This uneasy combo of choice versus being drawn in reminds me of something said by James Flynn (before he became so controversial) when asked in an interview why young women keep having babies if children so clearly make poor women’s life worse. His response was that procreation is a human impulse, and we should not expect anyone to restrain it in the face of economic logic. Also, for the least privileged women of all, having children is a logical way to live a meaningful life, far more logical a choice than a privileged outsider often assumes.
In Angela Carter’s lifetime, matrimony for women, despite its restrictions, was the safest, most logical way for many women to live their lives. Matrimony itself was an allure as much as a gilded cage.
The narrator secretly plans to kill the Erl-King and tells the reader exactly how she means to do it. It involves cutting off the Erl-King’s hair. But will she? Does she have a hope in hell against this supernatural creature who can shrink people and stuff them into bird cages? Doubt it. If this were ever going to happen, I’d expect Carter would show it. She didn’t exactly shy away.
There is no escape from patriarchy, even if there is escape from matrimony in individual cases.
Our narrator will eke out a living imaginatively, ie., by imagining how she might kill her captor.
A related take:
The reflection [in the Erl-King’s eyes at the climax] could be symbolic of the view of these women from the perspective of the male figure, which holds them in a particular image that they have trouble finding their way out of. The narrator, at the end, plans to find her way out, though; still, she has to ask him to turn his gaze away first before she can do so.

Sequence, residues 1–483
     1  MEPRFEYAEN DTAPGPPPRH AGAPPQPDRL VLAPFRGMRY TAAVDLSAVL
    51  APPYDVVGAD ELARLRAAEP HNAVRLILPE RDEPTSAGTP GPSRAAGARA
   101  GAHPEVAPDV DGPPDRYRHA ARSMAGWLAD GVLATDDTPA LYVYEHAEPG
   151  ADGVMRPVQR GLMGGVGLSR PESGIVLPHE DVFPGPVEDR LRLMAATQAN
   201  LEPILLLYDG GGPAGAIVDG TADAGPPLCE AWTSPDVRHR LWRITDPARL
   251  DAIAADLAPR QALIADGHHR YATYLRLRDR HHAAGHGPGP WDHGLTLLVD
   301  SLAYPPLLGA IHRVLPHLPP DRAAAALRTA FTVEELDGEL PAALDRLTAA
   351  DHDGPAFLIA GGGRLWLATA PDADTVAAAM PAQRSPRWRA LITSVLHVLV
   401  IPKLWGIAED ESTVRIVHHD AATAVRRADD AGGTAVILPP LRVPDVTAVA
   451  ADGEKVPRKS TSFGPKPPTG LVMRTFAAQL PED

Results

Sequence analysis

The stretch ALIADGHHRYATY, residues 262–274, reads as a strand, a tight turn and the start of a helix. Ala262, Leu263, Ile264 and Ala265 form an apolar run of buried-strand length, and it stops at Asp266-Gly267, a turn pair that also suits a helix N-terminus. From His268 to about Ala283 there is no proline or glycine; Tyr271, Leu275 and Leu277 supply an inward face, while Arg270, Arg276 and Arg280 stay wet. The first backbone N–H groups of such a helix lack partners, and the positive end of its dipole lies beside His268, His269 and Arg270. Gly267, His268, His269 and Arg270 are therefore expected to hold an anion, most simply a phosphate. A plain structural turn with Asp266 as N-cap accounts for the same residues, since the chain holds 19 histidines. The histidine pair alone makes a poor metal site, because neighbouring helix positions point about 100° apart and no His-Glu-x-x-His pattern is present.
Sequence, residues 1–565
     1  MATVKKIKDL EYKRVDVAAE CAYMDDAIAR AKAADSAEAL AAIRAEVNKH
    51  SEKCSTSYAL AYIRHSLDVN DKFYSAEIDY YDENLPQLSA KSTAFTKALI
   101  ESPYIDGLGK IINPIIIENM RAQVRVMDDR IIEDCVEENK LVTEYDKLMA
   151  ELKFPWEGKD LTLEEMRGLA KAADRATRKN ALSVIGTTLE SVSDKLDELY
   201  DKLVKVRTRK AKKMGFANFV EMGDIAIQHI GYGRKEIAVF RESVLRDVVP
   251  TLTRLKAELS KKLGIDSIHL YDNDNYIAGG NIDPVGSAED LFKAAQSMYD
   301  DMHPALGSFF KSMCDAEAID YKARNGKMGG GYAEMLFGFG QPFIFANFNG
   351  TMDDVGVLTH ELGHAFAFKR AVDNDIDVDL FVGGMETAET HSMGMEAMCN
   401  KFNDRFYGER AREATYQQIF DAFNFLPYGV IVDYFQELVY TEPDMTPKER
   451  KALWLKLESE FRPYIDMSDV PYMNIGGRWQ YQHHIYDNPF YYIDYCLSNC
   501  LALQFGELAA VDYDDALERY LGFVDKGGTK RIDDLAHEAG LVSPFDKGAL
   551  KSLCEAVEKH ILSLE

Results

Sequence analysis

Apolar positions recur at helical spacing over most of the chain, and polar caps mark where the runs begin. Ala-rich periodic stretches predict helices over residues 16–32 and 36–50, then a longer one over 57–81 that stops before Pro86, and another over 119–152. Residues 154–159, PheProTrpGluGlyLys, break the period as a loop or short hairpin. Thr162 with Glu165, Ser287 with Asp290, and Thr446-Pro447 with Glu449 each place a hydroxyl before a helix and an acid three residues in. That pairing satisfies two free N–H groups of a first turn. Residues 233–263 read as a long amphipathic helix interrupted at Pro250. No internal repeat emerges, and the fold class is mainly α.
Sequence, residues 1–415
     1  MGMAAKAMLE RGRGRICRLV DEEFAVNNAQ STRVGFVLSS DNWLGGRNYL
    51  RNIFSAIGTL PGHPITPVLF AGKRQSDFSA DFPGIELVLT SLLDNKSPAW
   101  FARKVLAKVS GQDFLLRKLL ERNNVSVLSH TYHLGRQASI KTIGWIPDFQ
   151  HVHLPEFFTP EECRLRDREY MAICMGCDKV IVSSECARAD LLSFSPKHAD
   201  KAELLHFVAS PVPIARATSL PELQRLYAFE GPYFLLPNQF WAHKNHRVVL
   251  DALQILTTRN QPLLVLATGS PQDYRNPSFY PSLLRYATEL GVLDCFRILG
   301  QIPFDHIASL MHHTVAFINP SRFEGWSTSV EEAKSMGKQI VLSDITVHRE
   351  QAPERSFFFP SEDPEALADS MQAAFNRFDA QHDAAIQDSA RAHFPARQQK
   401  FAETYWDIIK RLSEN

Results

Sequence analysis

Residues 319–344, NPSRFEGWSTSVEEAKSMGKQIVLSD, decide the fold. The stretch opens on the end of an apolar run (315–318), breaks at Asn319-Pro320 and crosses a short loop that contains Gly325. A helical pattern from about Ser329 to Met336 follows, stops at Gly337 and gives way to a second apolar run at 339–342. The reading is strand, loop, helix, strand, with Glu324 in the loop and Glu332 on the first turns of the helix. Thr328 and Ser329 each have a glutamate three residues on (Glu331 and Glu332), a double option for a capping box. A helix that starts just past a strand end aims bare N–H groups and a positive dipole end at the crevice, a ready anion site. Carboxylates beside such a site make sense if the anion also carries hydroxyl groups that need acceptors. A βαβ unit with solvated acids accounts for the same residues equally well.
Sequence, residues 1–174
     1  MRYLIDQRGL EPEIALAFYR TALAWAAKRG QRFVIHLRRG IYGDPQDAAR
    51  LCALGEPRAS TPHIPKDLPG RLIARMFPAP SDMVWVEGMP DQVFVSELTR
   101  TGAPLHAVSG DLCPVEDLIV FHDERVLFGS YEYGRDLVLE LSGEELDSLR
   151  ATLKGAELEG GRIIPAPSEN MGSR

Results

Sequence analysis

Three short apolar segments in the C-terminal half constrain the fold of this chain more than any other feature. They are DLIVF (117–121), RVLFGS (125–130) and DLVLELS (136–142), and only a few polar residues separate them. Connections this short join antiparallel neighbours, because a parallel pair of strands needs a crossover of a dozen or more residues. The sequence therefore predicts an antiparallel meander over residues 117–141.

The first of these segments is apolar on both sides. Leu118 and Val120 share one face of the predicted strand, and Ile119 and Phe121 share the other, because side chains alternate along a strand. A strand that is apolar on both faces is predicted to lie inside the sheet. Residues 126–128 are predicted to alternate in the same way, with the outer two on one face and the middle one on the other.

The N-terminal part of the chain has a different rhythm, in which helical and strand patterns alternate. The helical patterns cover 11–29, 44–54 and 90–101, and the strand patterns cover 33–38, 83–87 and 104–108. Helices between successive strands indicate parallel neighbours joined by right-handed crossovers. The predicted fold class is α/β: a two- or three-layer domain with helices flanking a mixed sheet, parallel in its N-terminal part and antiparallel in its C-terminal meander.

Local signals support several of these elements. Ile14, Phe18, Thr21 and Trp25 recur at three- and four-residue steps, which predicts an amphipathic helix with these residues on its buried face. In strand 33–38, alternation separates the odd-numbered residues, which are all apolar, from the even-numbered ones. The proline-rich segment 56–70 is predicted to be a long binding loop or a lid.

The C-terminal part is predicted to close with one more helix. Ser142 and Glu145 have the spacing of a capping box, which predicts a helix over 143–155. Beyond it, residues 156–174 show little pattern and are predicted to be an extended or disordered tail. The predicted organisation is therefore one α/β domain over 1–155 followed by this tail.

The narrator is also comforted by the fact they are not alone. Take for example the cock robin, whose plumage implies it has been stabbed in the heart. (Note how Carter also used the ‘wedding’ ring around the pigeon’s neck — part of its plumage — for symbolic reasons.)
Robins have long been illustrated dead with their legs in the air, as you can see in the collection below.
Surface reading: The narrator is terrified of a sexual encounter with the Erl-King but because they’re under some kind of magic spell, they’re required to go through with it anyway.
A feminist reading: The struggle is between the narrator’s wish for freedom from the patriarchal nature of partnership with a ‘king’ (archetypically identical to ‘father’ in fairytales), and their simultaneous sexual attraction to these king-fathers.
When we consider this story and its place within a real world that still runs by the rules of patriarchy, Carter illuminates the relationship between sex, gender, power and entrapment.
People who have come out of emotionally abusive relationships often explain that love for a coercive controller acts as an invisible cage. This story is the perfect allegory for that. An episode of Dear Sugar Radio features an episode called Emotional Abuse, and Steve Almond mentions another short story which also makes an excellent allegory: “Runaway” by Alice Munro.
Rosamund and the Purple Jar is a didactic story for children, written by Maria Edgeworth, first published 1796. To remind myself how old this story really is, what else was going on in the world at this time?